COVID-19 could claim the lives of approximately 100,000 more people nationwide than current projections if jail populations are not dramatically and immediately reduced, according to a new epidemiological model released yesterday by the ACLU and academic research partners. The findings indicate that — even if communities across the United States continue practicing social distancing and following public health guidance — they will still experience much higher death rates if no substantial action is taken to reduce jail populations.

“This data should be a wake-up call for Governor Dunleavy, Department of Corrections Commissioner Nancy Dahlstrom, and anyone with the power to alleviate stress and save the lives of vulnerable individuals, but are choosing not to because an outdated, overly politicized, and factually unfounded view that does nothing but feed America’s addiction to mass incarceration,” ACLU of Alaska Executive Director Joshua Decker said. ““Hope is not a strategy or a plan. By not reducing the prison population, the Dunleavy administration is tempting fate and playing with lives by not taking the dramatic steps needed to reduce the risk.”

The U.S. is the largest incarcerator in the world, with just four percent of the world’s population and 21 percent of its incarcerated population. About 40 percent of all incarcerated people suffer from at least one chronic health condition, such as asthma or diabetes. This means the U.S. faces a unique challenge in mitigating the spread of COVID-19 and is likely facing a much higher death count than models based on data from other countries predict.

In Alaska, the prison population is aging and medically vulnerable. According to state data, between 2015 and 2019, the number of prisons age 60 and older grew by 26.5 percent. Additionally, four out of five incarcerated people have a substance use disorder, and 44 percent of the prison population have a diagnosed mental health issue.

The ACLU model used data pulled from more than 1,200 midsize and large jail systems around the country, whose surrounding communities account for 90 percent of the U.S. population. It found that, unequivocally, keeping people out of jail saves lives — both inside the jail and in the surrounding community. Other key findings from the model include:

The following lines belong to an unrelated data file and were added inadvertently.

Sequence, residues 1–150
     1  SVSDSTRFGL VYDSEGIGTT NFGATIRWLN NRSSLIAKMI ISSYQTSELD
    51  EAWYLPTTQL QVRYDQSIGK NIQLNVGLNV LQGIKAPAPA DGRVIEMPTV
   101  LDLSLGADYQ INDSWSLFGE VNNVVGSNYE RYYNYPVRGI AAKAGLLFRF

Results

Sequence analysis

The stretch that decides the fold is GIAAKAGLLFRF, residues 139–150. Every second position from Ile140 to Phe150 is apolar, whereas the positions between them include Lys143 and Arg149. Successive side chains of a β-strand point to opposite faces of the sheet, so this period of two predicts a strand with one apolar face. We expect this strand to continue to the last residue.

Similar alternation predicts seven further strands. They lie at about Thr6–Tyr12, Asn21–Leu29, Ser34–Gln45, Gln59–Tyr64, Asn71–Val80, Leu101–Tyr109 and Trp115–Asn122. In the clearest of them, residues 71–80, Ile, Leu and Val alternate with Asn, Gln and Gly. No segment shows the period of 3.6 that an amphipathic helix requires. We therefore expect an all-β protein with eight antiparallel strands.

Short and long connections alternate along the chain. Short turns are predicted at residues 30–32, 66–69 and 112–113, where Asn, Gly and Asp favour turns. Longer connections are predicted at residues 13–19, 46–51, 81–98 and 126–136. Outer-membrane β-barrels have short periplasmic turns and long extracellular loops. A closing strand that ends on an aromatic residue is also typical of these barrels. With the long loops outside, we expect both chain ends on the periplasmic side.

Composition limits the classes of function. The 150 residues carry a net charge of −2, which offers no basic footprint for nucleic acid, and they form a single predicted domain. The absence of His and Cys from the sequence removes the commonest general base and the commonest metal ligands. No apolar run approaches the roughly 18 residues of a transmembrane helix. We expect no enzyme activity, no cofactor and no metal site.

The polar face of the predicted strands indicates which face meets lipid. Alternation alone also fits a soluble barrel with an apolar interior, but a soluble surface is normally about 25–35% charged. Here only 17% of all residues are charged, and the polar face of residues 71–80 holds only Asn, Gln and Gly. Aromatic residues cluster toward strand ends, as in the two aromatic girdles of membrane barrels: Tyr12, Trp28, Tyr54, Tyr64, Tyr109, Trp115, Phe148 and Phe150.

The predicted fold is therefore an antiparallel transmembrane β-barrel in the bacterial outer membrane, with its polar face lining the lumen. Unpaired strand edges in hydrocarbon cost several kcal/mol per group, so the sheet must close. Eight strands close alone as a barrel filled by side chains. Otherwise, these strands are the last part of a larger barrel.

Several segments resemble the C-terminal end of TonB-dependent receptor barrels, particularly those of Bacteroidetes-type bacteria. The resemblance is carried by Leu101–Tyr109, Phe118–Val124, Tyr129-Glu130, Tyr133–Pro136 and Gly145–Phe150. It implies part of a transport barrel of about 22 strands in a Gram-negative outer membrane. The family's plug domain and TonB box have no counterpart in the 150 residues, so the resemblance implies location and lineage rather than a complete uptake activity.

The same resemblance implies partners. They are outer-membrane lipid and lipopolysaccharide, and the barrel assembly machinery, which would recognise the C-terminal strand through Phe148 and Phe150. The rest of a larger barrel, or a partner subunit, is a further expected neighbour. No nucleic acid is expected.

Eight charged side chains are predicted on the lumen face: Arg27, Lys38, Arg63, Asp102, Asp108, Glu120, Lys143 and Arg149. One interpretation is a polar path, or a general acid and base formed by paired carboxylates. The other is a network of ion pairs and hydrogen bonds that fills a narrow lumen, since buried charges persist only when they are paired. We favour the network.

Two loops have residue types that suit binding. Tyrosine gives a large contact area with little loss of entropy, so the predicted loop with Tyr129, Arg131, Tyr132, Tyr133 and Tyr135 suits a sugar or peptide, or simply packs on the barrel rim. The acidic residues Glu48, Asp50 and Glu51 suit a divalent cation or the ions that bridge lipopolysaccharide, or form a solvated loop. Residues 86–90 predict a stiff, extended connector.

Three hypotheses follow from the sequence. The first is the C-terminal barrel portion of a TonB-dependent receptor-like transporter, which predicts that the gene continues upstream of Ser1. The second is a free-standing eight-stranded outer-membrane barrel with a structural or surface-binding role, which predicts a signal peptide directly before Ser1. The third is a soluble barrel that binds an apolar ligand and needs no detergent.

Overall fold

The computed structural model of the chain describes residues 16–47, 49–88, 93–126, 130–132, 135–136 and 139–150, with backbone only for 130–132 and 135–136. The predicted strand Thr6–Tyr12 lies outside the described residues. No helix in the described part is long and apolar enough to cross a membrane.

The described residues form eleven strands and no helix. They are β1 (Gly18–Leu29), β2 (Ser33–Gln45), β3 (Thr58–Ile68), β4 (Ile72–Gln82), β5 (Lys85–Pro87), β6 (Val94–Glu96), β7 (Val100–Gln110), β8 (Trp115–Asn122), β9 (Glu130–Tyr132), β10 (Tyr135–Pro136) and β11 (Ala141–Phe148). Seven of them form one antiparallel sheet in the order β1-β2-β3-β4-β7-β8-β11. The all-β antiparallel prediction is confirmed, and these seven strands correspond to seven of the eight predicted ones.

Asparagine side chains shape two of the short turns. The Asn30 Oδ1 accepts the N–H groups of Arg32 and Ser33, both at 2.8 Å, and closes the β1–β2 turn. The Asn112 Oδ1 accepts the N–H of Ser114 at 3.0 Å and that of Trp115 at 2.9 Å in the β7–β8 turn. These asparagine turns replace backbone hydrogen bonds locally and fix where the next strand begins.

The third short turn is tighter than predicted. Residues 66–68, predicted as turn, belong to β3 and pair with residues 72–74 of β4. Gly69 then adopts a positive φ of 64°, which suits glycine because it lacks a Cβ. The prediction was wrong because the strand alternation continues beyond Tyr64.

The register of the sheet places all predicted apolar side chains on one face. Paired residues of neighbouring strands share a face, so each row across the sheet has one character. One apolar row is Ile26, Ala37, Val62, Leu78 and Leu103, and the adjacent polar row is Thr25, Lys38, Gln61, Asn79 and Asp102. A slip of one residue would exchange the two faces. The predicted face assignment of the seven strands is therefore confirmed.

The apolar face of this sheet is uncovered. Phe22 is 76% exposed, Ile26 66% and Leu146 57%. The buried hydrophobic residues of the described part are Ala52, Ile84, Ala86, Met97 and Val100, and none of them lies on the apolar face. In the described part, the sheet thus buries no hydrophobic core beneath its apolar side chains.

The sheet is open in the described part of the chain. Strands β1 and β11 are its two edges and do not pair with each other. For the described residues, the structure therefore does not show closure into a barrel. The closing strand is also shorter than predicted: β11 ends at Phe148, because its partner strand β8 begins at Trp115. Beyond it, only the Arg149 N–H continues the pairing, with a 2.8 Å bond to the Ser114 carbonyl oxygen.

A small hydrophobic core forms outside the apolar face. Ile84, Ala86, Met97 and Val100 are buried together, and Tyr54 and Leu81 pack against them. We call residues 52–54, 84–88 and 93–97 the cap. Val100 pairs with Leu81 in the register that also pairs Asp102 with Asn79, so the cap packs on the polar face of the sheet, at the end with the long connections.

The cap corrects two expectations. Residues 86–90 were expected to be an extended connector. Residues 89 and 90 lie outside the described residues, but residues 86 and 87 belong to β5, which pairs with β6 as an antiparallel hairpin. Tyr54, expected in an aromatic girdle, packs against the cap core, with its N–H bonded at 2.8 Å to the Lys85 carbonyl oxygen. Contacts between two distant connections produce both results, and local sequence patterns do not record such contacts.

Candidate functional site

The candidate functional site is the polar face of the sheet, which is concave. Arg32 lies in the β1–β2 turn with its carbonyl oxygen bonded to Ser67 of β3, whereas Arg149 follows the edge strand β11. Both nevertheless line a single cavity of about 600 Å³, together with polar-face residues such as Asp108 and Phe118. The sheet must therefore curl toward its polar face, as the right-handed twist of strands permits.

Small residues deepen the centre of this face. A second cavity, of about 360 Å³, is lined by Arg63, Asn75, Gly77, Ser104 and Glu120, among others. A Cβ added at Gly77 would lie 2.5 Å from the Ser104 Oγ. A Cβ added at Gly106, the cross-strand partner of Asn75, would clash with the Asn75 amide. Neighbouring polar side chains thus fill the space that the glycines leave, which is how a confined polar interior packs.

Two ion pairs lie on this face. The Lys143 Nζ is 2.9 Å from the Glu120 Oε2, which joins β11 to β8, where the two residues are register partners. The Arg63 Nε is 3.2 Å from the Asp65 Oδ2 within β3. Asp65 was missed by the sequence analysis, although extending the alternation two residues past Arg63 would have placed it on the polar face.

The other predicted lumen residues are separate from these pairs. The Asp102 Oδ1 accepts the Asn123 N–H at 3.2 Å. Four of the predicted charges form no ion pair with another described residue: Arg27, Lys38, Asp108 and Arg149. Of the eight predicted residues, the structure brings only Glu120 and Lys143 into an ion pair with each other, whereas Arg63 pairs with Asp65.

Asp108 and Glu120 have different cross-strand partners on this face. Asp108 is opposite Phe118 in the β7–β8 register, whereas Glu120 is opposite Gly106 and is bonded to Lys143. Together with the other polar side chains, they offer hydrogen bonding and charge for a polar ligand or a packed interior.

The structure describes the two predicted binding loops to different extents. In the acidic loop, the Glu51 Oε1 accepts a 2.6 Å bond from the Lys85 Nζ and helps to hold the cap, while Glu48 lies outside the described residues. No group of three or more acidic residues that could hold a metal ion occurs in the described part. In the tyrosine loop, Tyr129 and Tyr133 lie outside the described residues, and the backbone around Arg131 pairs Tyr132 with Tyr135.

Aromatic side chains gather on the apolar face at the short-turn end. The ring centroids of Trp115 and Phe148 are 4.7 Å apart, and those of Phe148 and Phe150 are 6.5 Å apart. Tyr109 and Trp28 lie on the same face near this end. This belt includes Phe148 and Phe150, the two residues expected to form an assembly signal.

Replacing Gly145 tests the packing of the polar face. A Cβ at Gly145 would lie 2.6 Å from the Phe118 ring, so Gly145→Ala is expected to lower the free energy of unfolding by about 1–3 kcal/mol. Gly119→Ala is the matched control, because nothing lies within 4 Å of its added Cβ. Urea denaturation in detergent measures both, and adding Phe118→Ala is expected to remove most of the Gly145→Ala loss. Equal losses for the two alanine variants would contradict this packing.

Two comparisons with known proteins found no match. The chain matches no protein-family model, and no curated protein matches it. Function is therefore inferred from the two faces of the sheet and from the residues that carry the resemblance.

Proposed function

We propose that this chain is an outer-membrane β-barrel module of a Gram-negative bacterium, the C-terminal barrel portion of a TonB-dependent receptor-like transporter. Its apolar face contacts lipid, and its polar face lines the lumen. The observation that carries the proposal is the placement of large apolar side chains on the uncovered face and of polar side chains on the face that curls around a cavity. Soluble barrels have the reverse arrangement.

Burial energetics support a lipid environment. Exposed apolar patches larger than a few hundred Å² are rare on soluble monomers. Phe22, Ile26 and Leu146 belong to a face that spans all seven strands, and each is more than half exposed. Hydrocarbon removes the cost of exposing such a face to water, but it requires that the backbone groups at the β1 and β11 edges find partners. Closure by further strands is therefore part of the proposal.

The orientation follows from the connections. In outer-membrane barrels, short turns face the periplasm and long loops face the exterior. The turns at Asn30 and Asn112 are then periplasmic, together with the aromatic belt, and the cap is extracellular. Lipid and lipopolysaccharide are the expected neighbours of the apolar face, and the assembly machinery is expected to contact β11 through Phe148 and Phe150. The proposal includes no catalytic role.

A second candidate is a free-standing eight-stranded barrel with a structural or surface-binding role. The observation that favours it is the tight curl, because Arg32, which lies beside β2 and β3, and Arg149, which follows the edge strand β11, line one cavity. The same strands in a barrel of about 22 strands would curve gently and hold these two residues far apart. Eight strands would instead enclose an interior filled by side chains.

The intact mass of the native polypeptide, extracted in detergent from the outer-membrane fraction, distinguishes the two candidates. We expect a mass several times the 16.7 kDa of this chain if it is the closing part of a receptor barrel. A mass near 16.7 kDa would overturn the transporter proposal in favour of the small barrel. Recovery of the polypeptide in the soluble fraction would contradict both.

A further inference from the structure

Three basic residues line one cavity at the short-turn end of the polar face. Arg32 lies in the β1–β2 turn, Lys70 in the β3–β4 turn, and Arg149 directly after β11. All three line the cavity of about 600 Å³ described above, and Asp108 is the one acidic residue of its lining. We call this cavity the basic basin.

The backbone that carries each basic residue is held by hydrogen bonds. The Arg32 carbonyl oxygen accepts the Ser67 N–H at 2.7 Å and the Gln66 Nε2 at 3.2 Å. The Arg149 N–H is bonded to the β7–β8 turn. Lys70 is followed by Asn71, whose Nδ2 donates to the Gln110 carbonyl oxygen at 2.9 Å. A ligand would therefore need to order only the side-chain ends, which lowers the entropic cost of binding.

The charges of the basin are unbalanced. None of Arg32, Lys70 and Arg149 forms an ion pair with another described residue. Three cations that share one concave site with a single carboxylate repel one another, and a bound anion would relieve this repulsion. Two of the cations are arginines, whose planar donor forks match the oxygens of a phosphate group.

• If a model that doesn’t account for jails predicts the U.S. death toll will be 100,000, our model shows that that projection undercounts deaths by 98 percent. Actual deaths, once we account for jails, could be more than double, rising to 200,000.
  • Implementing swift, bold reforms to reduce arrests by 50 percent can save 12,000 lives in jails, and 47,000 lives in the surrounding communities.
  • Aggressive action and policy change could save as many as 23,000 people in jail and 76,000 in the broader community if we stop arrests for anything but the five percent of crimes defined as most serious by the FBI — including murder, rape, and aggravated assault — and double the rate of release for those already detained.
  • States that have begun to reduce their jail populations are quantifiably saving lives. Colorado, for example, has so far achieved a 31 percent reduction in jail population. Our model found this likely will save 1,100 lives — reducing total lives lost in the state by 25 percent.
  • Every day that goes by without action means more people will die. Delaying action for a week could mean a difference of 18,000 lives lost in the U.S.

“The prevailing epidemiological models largely fail to take into account our incarceration rates and the complete absence of social distancing in our jails — which is why we had to build our own model,” said Lucia Tian, chief analytics officer, ACLU. “While we always knew that jails would have an impact on loss of life in this pandemic, the model shows us just how large that impact may be — that even under our best case scenarios, we could be looking at 100,000 more deaths. We can't save our community while ignoring our jails.”

The original model was developed by Dr. Nina Fefferman at the University of Tennessee, Dr. Eric Lofgren at Washington State University, and Dr. Kristian Lum from the University of Pennsylvania, in collaboration with Aaron Horowitz and Brooke Madubuonwu of the ACLU’s data analytics team, experts from the ACLU and other corrections organizations contributed expertise.

The ACLU of Alaska has attempted to work with the state leadership twice to reduce the stress in Alaska’s dangerously overcrowded and understaffed prisons. Neither Governor Dunleavy or Commissioner Dahlstrom have responded to the ACLU’s outreach or taken steps to reduce Alaska’s prison population, which disproportionately detains Alaska Native individuals.

Last week, the ACLU of Alaska launched a petition, calling on Alaskans to help us fight to save the lives of those who are already marginalized by a legal system built off systemic racism. The petition can be found, here[TS1] .

See the report, here.

See the ACLU of Alaska’s letters to state officials, here.

The original academic paper on Allegheny County can be found on MedRxiv, here.